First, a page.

Inflation or price level targeting is becoming more popular as a policy goal among central banks for guiding their monetary policies. The selection of the basket on which price level is calculated is as vital as the level of targeted inflation rate because different indices could yield different inflation rates. Various central banks used different baskets to implement their policies. The price indices are the weighted averages of the prices of individual items. These prices are not all affected in the same way by the policies of central banks. For example, central banks’ exchange rate policies are more likely to affect the prices of tradable than nontradable goods. Moreover, central bank interest rate policies affect the prices of goods and services differently (services are less likely to be affected by the interest rates relative to goods prices). Therefore, the selection of the price index could be detrimental to the credibility of the central bank policies as well as to their sucess. The purpose of this study is to assess any long and shortrun relationships between two widely used indexes: the Consumer Price Index (CPI) and the Wholesale Price Index (WPI) series. The CPI includes both tradable goods and nontradable goods/services in its composition; however, the WPI consists only of tradable goods. It might be the case that these two indexes are affected differently by exchange rate and interest rate based policies. Therefore, it is plausible that these two indexes do not move together. If these two indexes are not cointegrated –there is no longrun relationship–, then this means their values may diverge persistently over time. Therefore, the announced inflation target might be reached for some of the price indexes but missed for some others. This will threaten the credibility of the Central Bank. In order to avoid that, the selection of the price index is vital for the implementation and success of any inflation target based monetary policy. However, if there is a shortrun relationship, this means their longrun deviation will not affect their respective behaviors in the short run. To the best of our knowledge, there is no other study that looks at the relationship between different price indexes. On the other hand, there are various studies that suggest that these series are affected differently by various economic shocks. For example, technology shocks and increasing return to scale (Murphy et al: 1989); different stickiness of intermediate product prices (Basu: 1995); tight monetary policy (Clark: 1999); oil price shocks (Doroodian and Boyd: 2003); and real exchange rates (Kim: 2004) affect the prices of different products differently. The purpose of this paper is to analyze the dynamic relationship between these two series directly rather than assessing the third variable effect on these two series. This paper studies a direct relationship between the two most popular price indexes (WPI and CPI) using Turkish data, which has various advantages. Firstly, Turkey has been experiencing a high and persistent level of inflation without running into hyperinflation since the mid1970s. The high variability in the level of inflation allows us to minimize the type 2 error – an error made when an incorrect null hypothesis is not rejected. Secondly, unlike some central banks, the Central Bank of the Republic of Turkey used both exchange rate and interest rate based stabilization policies to hamper inflation. Therefore, the effects on prices of both central bank policy tools do exist for the Turkish data. Thirdly, Turkey has relatively welldeveloped and liberal markets; therefore, prices move with market forces rather than being regulated by price controls or freezes. All these allow the use of the Turkish data for any relationship that could exist among price indexes. This study, in particular, investigates a possible relationship between the WPI and CPI series for the period January 1987 – August 2004 in Turkey by using conventional cointegration tests such as Engle and Granger’s (1987) single equation, Johansen’s (1988) multivariate cointegration tests as well as the periodogram based cointegration test. The main contribution of this paper is to use this third test to determine if there is a (long run) relationship between these two indexes. Note that both the CPI and the WPI are quite seasonal series. Maravall (1995), Hecq (1998), Cubadda (1999) and Cheung and Westermann (2003) argue that addressing the seasonality in the data could alter the basic inference gathered from the data. In order to account for this, we used the periodogrambased cointegration tests as developed by Akdi (1995) and Akdi and Dickey (1998). This method has the advantage of being model free and seasonality robust. The next section introduces the data and the conventional as well as the periodiogram based testing methods, section three presents the empirical evidence and the last section concludes the paper.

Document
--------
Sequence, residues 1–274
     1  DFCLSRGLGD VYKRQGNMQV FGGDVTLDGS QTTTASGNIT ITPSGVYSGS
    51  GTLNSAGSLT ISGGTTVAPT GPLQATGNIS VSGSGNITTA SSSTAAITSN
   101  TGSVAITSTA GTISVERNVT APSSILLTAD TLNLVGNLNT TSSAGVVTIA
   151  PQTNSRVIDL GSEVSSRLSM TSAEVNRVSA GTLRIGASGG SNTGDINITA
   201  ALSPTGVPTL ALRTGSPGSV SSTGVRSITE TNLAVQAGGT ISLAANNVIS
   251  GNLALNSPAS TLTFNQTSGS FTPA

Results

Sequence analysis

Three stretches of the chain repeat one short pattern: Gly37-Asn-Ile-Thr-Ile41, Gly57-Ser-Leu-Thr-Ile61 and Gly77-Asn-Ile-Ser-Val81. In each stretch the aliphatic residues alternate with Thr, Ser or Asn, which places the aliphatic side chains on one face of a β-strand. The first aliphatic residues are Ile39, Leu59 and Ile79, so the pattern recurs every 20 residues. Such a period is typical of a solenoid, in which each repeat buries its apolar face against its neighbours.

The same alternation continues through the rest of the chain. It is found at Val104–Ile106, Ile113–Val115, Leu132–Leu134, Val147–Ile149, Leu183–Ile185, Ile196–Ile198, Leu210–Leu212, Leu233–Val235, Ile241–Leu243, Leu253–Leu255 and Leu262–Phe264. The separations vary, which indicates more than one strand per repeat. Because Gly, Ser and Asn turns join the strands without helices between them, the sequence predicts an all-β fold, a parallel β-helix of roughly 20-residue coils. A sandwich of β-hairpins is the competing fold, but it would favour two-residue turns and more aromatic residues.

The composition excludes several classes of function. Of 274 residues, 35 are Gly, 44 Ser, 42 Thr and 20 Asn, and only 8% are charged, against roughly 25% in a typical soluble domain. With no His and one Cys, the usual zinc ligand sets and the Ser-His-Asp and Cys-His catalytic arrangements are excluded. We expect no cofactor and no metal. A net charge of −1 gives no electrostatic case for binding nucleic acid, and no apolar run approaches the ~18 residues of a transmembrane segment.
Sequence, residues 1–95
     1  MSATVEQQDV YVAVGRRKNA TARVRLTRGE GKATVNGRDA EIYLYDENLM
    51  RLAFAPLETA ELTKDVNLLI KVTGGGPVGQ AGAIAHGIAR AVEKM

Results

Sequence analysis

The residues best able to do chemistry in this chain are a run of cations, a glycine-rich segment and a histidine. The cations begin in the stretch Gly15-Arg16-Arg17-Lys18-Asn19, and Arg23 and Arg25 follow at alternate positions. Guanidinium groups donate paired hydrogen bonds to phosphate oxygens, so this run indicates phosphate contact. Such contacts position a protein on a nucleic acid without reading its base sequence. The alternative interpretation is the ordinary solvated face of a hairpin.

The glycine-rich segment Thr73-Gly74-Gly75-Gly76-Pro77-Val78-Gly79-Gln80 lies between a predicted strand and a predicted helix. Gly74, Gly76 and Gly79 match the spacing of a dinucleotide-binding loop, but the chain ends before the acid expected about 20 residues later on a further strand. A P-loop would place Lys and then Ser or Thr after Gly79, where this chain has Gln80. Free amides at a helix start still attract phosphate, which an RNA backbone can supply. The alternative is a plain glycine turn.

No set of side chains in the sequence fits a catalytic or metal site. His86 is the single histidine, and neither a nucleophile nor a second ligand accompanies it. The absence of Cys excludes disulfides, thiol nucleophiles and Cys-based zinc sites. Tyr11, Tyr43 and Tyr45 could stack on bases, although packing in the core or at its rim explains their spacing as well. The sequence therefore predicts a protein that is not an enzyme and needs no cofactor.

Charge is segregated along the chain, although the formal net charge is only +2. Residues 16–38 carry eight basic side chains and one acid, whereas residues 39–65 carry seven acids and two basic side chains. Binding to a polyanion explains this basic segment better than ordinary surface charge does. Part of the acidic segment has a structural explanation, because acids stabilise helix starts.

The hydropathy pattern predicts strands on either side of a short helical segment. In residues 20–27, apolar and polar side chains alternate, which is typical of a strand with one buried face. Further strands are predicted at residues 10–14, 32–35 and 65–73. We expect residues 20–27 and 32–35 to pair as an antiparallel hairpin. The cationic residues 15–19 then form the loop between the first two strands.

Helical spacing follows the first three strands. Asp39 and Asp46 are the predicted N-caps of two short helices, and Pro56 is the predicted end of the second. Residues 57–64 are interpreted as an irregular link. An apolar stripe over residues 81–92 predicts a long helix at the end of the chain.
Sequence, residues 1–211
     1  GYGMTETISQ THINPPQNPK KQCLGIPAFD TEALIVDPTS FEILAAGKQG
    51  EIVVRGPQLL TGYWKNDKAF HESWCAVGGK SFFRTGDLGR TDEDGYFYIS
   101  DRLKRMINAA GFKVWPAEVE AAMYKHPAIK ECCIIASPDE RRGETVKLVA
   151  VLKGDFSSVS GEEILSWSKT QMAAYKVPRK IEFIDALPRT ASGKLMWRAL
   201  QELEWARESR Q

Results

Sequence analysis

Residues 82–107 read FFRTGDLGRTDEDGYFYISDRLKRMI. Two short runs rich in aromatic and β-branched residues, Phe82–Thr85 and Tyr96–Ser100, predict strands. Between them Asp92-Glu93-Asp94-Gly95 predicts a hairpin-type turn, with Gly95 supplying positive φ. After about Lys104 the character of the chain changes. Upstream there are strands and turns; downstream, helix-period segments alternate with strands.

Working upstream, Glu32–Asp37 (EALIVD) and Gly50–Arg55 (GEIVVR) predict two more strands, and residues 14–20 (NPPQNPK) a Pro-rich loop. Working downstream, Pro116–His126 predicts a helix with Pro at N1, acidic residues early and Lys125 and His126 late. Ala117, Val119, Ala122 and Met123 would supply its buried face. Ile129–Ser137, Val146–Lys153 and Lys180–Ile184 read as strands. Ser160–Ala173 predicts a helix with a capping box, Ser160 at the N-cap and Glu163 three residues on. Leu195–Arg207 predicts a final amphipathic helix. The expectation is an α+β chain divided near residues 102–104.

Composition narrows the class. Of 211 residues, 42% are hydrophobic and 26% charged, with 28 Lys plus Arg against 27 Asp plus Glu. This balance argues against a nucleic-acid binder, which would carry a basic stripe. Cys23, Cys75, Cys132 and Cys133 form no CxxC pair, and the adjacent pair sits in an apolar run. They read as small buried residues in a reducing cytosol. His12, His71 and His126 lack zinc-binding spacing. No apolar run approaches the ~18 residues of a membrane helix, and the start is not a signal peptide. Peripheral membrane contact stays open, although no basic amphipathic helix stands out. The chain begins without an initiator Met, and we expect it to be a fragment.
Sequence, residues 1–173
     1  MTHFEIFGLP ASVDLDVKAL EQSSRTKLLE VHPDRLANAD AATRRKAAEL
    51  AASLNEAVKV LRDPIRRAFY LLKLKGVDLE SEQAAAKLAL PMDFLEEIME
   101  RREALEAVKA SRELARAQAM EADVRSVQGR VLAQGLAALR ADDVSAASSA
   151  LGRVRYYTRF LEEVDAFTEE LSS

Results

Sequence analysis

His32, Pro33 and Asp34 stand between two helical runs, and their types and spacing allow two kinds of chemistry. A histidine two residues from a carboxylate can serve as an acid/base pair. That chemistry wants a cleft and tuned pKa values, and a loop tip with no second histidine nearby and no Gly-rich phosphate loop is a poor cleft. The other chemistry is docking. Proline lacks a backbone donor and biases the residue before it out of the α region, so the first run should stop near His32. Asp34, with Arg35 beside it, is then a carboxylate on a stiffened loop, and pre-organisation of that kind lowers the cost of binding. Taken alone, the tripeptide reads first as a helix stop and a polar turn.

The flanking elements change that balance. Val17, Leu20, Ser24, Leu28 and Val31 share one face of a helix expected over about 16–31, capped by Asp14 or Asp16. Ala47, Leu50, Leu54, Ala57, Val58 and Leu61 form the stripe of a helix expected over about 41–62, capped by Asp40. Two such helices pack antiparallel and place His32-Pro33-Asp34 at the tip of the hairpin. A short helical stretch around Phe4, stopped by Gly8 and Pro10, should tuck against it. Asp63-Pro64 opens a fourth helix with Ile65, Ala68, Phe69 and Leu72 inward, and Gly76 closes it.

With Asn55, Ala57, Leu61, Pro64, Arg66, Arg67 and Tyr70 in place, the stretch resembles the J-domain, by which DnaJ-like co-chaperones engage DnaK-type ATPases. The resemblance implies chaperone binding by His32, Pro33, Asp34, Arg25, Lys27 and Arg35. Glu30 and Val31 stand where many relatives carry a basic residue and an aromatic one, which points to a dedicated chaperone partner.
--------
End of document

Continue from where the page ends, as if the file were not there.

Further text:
The WPI and CPI indexes for the period from 1987:01 to 2004:08 were gathered from the Central Bank of the Republic of Turkey data delivery system (http://tcmbf40.tcmb.gov.tr/cbt.html). In our analysis, we used 1994based WPI and CPI indexes. The WPI index includes 678 goods chosen according to the share of sales values that are produced domestically and supplied to the domestic markets. The current prices of those goods from 1287 firms with the highest domestic endorsement are followed. The prices, except for the agriculture sector, are the final goods prices. For the agriculture sector, prices are taken from wholesale food markets. The 1994 based WPI uses ISIC Rev.3. classification and is calculated by employing fixedweight Laspeyres formulation. The 1994based CPI index, on the other hand, is calculated for 7 geographical provinces and 19 cities by employing fixedweight Laspeyres formulation. It covers 410 goods and services whose prices are gathered from 35 residential areas and uses Classification of Individual Consumption by Purpose (COICOP). Figure 1(a) reports the time series plots of the logarithms of these two series. These series are similar regarding persistency and both have increasing trends. The graphs of the calculated values of Autocorrelation and Partial Autocorrelation functions are reported in Figure 1(b) for the sample. Graphs of the autocorrelation functions decay very slowly, which may suggest a possible unit root for each series. Therefore, the unit root tests are warranted.